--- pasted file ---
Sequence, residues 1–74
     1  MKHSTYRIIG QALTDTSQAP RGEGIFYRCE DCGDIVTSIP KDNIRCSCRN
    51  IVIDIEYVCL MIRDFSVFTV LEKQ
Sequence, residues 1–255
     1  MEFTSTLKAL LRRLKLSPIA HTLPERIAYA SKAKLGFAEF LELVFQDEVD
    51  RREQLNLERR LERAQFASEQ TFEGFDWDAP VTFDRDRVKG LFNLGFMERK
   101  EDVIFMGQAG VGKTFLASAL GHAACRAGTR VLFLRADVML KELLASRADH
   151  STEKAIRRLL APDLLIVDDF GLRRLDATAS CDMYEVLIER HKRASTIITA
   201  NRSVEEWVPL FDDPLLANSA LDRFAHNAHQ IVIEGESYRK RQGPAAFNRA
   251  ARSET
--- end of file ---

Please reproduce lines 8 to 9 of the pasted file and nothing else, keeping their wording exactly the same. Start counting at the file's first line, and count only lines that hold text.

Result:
   151  STEKAIRRLL APDLLIVDDF GLRRLDATAS CDMYEVLIER HKRASTIITA
   201  NRSVEEWVPL FDDPLLANSA LDRFAHNAHQ IVIEGESYRK RQGPAAFNRA